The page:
Are you an aspiring Nancy Drew? Have you always wanted to assemble clues and figure out whodunit? Here is your chance. This short story has all of the clues, you just need to puzzle them together to find out who the guilty party is. The solution is at the end. Happy Sleuthing!
“Mystery By the Sea"
A Sleuth-It Yourself Mystery”
Thank goodness for the ocean breeze, I thought as I finished my walk and crossed the sand towards home. The thermometer had topped out at 102 degrees a few hours ago. The trek along the shore with waves bubbling at my ankles and bay breezes blowing over my skin had cooled me off and re-energized my mind and body. I felt ready to get back to work. As I headed for the stairs that led up to my carriage house apartment, the elderly woman who lived in the main house came running to meet me.
“Cassie, I need your help,” Mrs. Williamson said, wringing her hands in that nervous way she had.
“My ruby and sapphire necklace, the one given to my great-great-grandmother by a crowned prince in
Europe, has been stolen. And the thief is in my house right now!”
“No, you don’t understand,” she said, standing firm on the patio. “I invited my daughter and two nieces over today to discuss which of them would inherit the necklace. I got it out to show them and left it on my nightstand, only now it’s gone. One of them took it and I want you to come figure out which one is the thief.”
“I’m not a detective,” I said.
“But you write such clever whodunit novels. This is your chance to solve a real mystery.” This time Mrs. Williamson did the tugging, and I followed along, reluctant but intrigued by the challenge.
She led me to the living room which offered sweeping views of the bay. Three thirty-something women stood near the window, talking and sipping iced tea.
“Girls,” Mrs. Williamson said, “I’d like you to meet my new tenant, Cassie Hanover.”
The ladies turned to great me. Mrs. Williamson introduced them one at a time.
“This is my sister’s daughter, Amy,” she said.
Amy was a mousy woman with thin brown hair pulled into a pony tail. She wore a mauve-toned sweater set, black capris and ballet slippers. No make-up, no jewelry. She didn’t seem like the type who would ever have occasion to wear a jeweled necklace, but she might benefit from selling it.
“This is Janet, my brother’s daughter.”
Janet was on the opposite end of the fashion spectrum from her cousin. She wore a black-and-white designer outfit. Her blond hair was piled in an elegant chignon and her extreme make-up seemed more suitable for an appearance on stage than a visit with her aunt. She had diamonds dripping from her wrists, fingers and ears, but her throat was conspicuously bare. I couldn’t help but think Mrs. Williamson’s necklace would be the perfect thing to complete the outfit. While Janet appeared to have plenty of money at her disposal, there were some things—like heirloom necklaces—that money can’t buy.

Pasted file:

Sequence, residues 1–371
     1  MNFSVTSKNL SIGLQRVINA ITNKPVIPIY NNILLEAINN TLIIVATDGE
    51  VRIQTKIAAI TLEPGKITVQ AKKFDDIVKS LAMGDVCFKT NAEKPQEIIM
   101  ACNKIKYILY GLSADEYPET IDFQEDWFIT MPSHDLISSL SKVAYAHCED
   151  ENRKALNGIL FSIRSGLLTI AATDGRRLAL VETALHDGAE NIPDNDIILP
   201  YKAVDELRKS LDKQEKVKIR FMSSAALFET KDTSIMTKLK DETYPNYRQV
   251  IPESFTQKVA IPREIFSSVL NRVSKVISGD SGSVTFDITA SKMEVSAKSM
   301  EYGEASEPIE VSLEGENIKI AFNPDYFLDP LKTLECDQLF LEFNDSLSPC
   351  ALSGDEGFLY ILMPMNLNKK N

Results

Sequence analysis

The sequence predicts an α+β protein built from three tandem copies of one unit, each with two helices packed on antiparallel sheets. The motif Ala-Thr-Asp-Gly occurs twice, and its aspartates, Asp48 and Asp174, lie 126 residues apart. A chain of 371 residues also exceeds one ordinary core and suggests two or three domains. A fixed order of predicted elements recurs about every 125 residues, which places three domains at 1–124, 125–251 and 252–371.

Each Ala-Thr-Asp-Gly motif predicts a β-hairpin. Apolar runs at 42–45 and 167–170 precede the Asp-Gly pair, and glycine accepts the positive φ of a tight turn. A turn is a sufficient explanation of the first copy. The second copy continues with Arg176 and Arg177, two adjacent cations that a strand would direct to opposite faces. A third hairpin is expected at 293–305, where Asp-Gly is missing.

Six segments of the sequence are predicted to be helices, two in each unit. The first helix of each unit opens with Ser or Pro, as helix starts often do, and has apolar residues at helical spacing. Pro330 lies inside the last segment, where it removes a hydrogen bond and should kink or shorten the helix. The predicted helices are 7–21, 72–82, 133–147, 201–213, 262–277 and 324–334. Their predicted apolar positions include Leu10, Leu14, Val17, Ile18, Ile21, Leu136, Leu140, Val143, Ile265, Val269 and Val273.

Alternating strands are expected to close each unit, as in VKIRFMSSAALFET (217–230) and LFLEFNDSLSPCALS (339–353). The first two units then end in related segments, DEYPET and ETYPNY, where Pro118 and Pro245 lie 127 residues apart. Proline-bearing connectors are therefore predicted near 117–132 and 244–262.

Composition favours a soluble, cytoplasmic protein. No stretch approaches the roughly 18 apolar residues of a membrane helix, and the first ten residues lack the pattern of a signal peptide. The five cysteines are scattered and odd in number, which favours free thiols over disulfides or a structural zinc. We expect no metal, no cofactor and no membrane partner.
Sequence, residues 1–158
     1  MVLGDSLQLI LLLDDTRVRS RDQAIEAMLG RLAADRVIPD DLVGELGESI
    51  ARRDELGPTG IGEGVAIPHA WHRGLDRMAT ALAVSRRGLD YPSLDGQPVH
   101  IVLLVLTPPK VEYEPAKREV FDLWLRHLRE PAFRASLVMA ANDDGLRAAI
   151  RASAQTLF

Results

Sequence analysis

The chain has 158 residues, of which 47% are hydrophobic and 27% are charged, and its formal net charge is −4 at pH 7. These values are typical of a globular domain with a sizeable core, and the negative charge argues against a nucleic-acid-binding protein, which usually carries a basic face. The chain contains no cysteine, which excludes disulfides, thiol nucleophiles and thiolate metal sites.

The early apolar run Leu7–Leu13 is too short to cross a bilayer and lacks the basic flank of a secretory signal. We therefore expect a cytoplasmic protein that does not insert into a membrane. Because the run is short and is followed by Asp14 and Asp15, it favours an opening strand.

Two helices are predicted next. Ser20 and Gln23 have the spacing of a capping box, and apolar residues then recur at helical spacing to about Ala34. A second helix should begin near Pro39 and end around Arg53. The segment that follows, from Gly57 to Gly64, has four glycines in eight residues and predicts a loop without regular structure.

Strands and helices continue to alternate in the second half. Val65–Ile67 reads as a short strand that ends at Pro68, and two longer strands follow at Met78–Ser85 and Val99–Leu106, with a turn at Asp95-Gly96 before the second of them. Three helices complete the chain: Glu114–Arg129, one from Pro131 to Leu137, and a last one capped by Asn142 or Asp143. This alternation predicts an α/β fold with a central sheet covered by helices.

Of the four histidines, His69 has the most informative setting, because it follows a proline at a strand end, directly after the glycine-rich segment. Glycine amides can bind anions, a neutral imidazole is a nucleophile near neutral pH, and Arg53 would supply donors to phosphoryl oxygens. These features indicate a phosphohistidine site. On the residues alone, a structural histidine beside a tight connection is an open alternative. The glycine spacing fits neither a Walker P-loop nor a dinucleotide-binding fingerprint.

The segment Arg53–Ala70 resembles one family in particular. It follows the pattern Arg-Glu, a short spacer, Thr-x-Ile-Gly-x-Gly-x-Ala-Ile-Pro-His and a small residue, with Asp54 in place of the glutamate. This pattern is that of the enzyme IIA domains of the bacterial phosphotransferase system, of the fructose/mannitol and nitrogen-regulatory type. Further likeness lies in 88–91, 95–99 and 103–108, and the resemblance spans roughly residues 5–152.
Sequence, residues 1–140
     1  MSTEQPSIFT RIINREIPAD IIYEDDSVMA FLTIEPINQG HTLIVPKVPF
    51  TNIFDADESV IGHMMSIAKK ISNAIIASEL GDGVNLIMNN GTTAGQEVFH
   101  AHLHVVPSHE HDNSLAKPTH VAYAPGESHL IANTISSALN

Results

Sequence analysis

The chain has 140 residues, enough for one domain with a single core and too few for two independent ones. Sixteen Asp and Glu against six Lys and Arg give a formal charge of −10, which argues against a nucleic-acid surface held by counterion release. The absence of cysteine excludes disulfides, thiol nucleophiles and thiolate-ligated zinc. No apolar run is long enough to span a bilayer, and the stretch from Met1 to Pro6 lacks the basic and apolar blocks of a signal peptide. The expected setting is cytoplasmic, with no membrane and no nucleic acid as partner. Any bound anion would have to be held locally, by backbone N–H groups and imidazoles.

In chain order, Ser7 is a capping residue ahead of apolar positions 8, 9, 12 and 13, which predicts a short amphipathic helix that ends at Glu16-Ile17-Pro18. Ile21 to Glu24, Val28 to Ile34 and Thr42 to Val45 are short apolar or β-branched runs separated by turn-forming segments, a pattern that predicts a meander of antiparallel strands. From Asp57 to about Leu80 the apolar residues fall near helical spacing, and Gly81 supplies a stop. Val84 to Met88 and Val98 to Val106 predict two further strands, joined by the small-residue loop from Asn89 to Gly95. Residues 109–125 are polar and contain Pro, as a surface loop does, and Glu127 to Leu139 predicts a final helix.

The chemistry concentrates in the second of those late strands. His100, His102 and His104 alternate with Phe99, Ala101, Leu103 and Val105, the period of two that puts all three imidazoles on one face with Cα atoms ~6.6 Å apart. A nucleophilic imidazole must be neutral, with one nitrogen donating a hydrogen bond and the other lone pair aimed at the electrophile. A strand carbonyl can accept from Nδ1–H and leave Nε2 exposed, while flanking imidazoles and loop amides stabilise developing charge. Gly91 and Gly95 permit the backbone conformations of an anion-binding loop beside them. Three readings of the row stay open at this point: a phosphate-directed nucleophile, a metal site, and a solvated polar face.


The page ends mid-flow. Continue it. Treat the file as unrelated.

“And this is Sue, my daughter. Pardon her appearance, but she’s just returning from a dip in the ocean.” Sue wore a jewel-toned beach cover up, from which stretched long, tanned legs. Her flip-flops were designer, as were the sunglasses perched atop her curly red hair.
Sue gave me the once-over, then asked, “She’s not some long-lost offspring who also has claim to the necklace, is she?” Hmmm, did I detect a proprietary note in Sue’s voice? I could see how if her mother owned the necklace, Sue may feel entitled to it, but would she go so far as to steal it to keep it out of the hands of her cousins?
“Cassie is not in any way related to you,” Mrs. Williamson said, “but right now nobody is going to get the necklace, because it’s been stolen!”
Amy gasped. “When?”
“This afternoon,” Mrs. Williamson said.
“I saw two teenage boys running from the house when I came back from the beach,” Sue said. “They were wearing ski masks and dark sweatshirts and heavy jeans. I bet they snatched it. I’m going to call the police.” Sue raced out of the room.
Mrs. Williamson followed, begging Sue not to call just yet.
As far as I could tell, in addition to the unknown teenagers, each of the three cousins all had opportunity to pocket the heirloom necklace. But as a mystery writer, I would be remiss if I didn’t also include Mrs. Williamson on my suspect’s list. After all, she must be experiencing cash flow problems or she wouldn’t have rented out her carriage house apartment to me, a total stranger, after it had sat empty for five years. Could she be trying to pull the old fake-theft insurance scam?
I excused myself and wandered off to take a peek at the scene of the crime before the police arrived.
When I returned downstairs, two uniformed police officers stood by the windows asking questions of all four women. I looked at all of their feet and said, “Officers, no need to question these ladies. I can tell you who stole the necklace.”
Have you figured out who stole the heirloom necklace?
Check the solution below to see how
good of an amateur sleuth you are...
Solution: Cassie realized Sue had fabricated the story of the teenagers because it was too hot out to be dressed as they were. And when Cassie wandered into Mrs. Williamson’s bedroom, she found sand on the floor near the nightstand but nowhere else. The only person with sand on her feet was Sue. Questioned by the police, Sue admitted she had stolen the necklace twenty years ago (she needed the money to pay off gambling debts) and had replaced it with a cheap copy. She didn’t want her mother to discover that, so had taken the fake necklace herself and tried to blame it on teenagers.